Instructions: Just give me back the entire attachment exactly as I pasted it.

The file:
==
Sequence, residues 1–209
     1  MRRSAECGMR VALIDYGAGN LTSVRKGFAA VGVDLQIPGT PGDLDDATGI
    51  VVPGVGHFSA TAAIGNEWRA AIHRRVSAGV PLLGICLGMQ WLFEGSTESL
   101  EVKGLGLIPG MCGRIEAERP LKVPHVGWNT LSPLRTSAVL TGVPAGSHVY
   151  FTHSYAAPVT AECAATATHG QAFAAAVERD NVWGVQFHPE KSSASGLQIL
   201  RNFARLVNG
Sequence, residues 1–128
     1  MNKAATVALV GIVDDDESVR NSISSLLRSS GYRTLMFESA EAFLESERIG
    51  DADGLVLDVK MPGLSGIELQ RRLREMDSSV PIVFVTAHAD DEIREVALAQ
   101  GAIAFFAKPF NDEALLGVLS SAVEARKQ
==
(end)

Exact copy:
Sequence, residues 1–209
     1  MRRSAECGMR VALIDYGAGN LTSVRKGFAA VGVDLQIPGT PGDLDDATGI
    51  VVPGVGHFSA TAAIGNEWRA AIHRRVSAGV PLLGICLGMQ WLFEGSTESL
   101  EVKGLGLIPG MCGRIEAERP LKVPHVGWNT LSPLRTSAVL TGVPAGSHVY
   151  FTHSYAAPVT AECAATATHG QAFAAAVERD NVWGVQFHPE KSSASGLQIL
   201  RNFARLVNG
Sequence, residues 1–128
     1  MNKAATVALV GIVDDDESVR NSISSLLRSS GYRTLMFESA EAFLESERIG
    51  DADGLVLDVK MPGLSGIELQ RRLREMDSSV PIVFVTAHAD DEIREVALAQ
   101  GAIAFFAKPF NDEALLGVLS SAVEARKQ